1Clinical Psychological Center, Peking University Sixth Hospital (Institute of Mental Health), National Clinical Research Center for Mental Disorders, Key Laboratory of Mental Health, Ministry of Health (Peking University), Beijing 100191, China2Child Psychiatric Research Center, Peking University Sixth Hospital (Institute of Mental Health), National Clinical Research Center for Mental Disorders, Key Laboratory of Mental Health, Ministry of Health (Peking University), Beijing 100191, China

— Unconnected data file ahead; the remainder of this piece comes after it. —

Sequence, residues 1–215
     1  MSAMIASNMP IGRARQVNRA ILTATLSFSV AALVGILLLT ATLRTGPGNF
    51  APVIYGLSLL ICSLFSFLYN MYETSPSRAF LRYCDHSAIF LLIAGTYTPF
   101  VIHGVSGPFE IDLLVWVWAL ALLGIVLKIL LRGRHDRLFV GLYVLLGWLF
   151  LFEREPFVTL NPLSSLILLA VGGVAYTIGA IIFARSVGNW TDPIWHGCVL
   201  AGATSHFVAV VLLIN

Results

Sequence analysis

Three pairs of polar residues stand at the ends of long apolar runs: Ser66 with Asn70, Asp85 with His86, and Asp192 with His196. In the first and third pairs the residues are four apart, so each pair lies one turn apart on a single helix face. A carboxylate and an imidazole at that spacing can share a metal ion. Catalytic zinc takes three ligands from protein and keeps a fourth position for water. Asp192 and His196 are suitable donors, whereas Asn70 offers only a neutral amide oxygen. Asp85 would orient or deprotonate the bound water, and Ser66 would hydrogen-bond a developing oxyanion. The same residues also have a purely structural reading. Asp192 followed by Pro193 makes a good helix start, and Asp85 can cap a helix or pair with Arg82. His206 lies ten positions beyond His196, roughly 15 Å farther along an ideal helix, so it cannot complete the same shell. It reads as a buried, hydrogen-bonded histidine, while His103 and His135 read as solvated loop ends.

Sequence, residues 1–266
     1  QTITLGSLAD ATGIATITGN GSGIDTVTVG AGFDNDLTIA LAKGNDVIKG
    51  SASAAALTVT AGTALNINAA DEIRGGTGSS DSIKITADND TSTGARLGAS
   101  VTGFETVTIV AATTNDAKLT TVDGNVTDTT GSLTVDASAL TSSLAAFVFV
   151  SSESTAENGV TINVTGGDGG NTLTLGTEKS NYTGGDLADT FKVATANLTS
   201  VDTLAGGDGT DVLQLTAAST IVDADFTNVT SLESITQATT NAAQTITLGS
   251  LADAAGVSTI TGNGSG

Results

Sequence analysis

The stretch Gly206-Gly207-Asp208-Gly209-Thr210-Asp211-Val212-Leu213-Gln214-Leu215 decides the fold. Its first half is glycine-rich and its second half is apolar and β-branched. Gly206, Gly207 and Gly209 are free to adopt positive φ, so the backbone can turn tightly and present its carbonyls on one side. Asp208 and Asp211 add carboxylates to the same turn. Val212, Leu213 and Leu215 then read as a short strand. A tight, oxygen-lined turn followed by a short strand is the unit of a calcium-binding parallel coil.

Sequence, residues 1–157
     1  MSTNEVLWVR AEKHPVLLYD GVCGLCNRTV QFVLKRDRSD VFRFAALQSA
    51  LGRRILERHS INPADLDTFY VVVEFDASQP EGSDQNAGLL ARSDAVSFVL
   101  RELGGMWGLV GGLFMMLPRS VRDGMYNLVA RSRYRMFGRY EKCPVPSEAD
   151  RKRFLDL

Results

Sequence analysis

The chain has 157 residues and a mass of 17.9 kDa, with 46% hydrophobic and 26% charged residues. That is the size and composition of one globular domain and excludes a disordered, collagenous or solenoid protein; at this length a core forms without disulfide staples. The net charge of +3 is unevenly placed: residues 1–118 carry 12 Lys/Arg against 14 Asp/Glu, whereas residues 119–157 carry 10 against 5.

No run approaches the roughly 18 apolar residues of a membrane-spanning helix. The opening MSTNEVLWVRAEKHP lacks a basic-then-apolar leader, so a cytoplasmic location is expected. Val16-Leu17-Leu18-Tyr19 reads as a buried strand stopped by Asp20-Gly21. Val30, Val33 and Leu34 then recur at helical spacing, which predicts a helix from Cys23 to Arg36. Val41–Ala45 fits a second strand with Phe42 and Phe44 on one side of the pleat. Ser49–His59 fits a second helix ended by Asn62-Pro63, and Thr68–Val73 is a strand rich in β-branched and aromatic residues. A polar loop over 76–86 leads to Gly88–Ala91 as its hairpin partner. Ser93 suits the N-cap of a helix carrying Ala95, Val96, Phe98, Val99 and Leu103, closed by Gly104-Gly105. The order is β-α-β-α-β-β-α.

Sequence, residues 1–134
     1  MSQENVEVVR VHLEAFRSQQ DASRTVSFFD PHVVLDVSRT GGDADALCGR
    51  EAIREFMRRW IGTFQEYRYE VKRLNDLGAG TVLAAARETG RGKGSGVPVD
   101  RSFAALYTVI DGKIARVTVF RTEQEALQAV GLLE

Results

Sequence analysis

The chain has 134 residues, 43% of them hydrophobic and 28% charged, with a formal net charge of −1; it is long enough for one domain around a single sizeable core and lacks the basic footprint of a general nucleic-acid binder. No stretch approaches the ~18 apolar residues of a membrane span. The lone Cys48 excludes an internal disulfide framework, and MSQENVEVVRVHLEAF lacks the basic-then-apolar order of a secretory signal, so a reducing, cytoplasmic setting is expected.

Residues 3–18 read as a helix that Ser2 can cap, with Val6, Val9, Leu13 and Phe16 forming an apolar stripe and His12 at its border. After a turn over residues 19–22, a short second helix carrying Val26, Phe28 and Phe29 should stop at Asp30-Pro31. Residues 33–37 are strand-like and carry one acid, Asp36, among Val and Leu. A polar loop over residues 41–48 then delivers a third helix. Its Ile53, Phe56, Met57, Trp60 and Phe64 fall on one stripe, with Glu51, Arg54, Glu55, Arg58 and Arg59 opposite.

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Background:As medication does not normalize outcomes of children with attention deficit hyperactivity disorder (ADHD), especially in real-life functioning, nonpharmacological methods are important to target this field. This randomized controlled clinical trial was designed to evaluate the effects of a comprehensive executive skill training program for school-aged children with ADHD in a relatively large sample.Methods:The children (aged 6–12 years) with ADHD were randomized to the intervention or waitlist groups. A healthy control group was composed of gender- and age-matched healthy children. The intervention group received a 12-session training program for multiple executive skills. Executive function (EF), ADHD symptoms, and social functioning in the intervention and waitlist groups were evaluated at baseline and the end of the final training session. The healthy controls (HCs) were only assessed once at baseline. Repeated measures analyses of variance were used to compare EF, ADHD symptoms, and social function between intervention and waitlist groups.Results:Thirty-eight children with ADHD in intervention group, 30 in waitlist group, and 23 healthy children in healthy control group were included in final analysis. At posttreatment, intervention group showed significantly lower Behavior Rating Inventory of Executive Function (BRIEF) total score (135.89 ± 16.80 vs. 146.09 ± 23.92, P = 0.04) and monitoring score (18.05 ± 2.67 vs. 19.77 ± 3.10, P = 0.02), ADHD-IV overall score (41.11 ± 7.48 vs. 47.20 ± 8.47, P < 0.01), hyperactivity-impulsivity (HI) subscale score (18.92 ± 5.09 vs. 21.93 ± 4.93, P = 0.02), and inattentive subscale score (22.18 ± 3.56 vs. 25.27 ± 5.06, P < 0.01), compared with the waitlist group. Repeated measures analyses of variance revealed significant interactions between time and group on the BRIEF inhibition subscale (F = 5.06, P = 0.03), working memory (F = 4.48, P = 0.04), ADHD-IV overall score (F = 21.72, P < 0.01), HI subscale score (F = 19.08, P < 0.01), and inattentive subscale score (F = 12.40, P < 0.01). Multiple-way analysis of variance showed significant differences on all variables of BRIEF, ADHD-rating scale-IV, and WEISS Functional Impairment Scale-Parent form (WFIRS-P) among the intervention and waitlist groups at posttreatment and HCs at baseline.Conclusions:This randomized controlled study on executive skill training in a relatively large sample provided some evidences that the training could improve EF deficits, reduce problematic symptoms, and potentially enhance the social functioning in school-aged children with ADHD.Clinical Trial Registration:http://www.clinicaltrials.gov; NCT02327585.